UPDATE 1/17/2010: Chris Carson has pointed out that the Wisp social media strategy doesn’t seem to be driving much engagement, at least not on Facebook. The Wisp Facebook page currently has a meager 95 fans, and no content posted by either Wisp or the fans. Maybe the brand’s “stealth” strategy is just a little too stealth?
At a social media panel discussion at the CMO Leadership Forum in midtown Manhattan, panelists discussed best practices for brand engagement via social media. One case study was presented by William H. Lunderman, VP of global strategic brand design for Colgate-Palmolive Co., who said that his company has a counterintuitive approach when it comes to leveraging social media for marketing initiatives. “We try not to let consumers know that we’re involved in social media,” he said. “We want them to think they’re the ones who are chatting and talking about different products.”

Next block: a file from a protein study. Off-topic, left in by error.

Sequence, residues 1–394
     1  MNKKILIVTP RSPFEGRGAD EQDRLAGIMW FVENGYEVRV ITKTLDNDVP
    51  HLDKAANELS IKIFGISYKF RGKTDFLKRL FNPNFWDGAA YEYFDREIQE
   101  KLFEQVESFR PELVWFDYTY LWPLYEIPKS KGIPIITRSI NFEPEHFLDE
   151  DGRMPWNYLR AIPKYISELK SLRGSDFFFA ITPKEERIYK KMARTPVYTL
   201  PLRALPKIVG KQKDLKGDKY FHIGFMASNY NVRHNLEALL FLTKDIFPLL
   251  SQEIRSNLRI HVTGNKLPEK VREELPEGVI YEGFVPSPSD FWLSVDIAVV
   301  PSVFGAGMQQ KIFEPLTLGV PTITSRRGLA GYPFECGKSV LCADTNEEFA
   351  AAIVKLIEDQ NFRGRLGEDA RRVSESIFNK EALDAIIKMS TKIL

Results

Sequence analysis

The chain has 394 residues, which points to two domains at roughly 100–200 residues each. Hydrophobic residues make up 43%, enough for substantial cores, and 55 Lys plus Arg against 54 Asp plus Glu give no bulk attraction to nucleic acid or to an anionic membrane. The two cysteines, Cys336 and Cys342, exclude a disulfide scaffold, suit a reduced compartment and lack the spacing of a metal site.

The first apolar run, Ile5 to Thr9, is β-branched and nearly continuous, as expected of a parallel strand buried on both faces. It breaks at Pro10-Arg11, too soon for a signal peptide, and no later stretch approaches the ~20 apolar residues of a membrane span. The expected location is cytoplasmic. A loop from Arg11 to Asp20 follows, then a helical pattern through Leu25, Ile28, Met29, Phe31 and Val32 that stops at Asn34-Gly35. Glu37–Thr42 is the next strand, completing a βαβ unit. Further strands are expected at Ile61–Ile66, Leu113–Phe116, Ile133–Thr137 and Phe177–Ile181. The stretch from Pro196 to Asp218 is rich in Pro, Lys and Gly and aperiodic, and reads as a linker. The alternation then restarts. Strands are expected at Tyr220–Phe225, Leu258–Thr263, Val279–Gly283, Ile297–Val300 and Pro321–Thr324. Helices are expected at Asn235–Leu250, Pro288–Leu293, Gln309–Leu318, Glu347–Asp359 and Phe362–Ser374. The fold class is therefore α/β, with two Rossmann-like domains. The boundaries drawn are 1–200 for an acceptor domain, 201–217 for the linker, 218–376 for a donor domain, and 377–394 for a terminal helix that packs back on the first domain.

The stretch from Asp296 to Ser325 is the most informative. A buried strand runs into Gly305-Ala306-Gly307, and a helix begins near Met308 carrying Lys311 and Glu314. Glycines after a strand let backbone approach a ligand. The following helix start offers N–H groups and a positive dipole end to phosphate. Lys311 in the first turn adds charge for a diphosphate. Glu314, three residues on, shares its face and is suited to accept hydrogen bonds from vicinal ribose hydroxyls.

Colgate-Palmolive’s “stealth strategy” vis-à-vis social media was a critical best practice when it came to launching a new product, Colgate Wisp, a mini toothbrush that was launched last year. “If there is a Facebook account, it truly belongs to the consumers, not to Colgate-Palmolive,” said Lunderman.
The bottom line: the Wisp generated an “impressive” $44 million in sales after only seven months in the marketplace.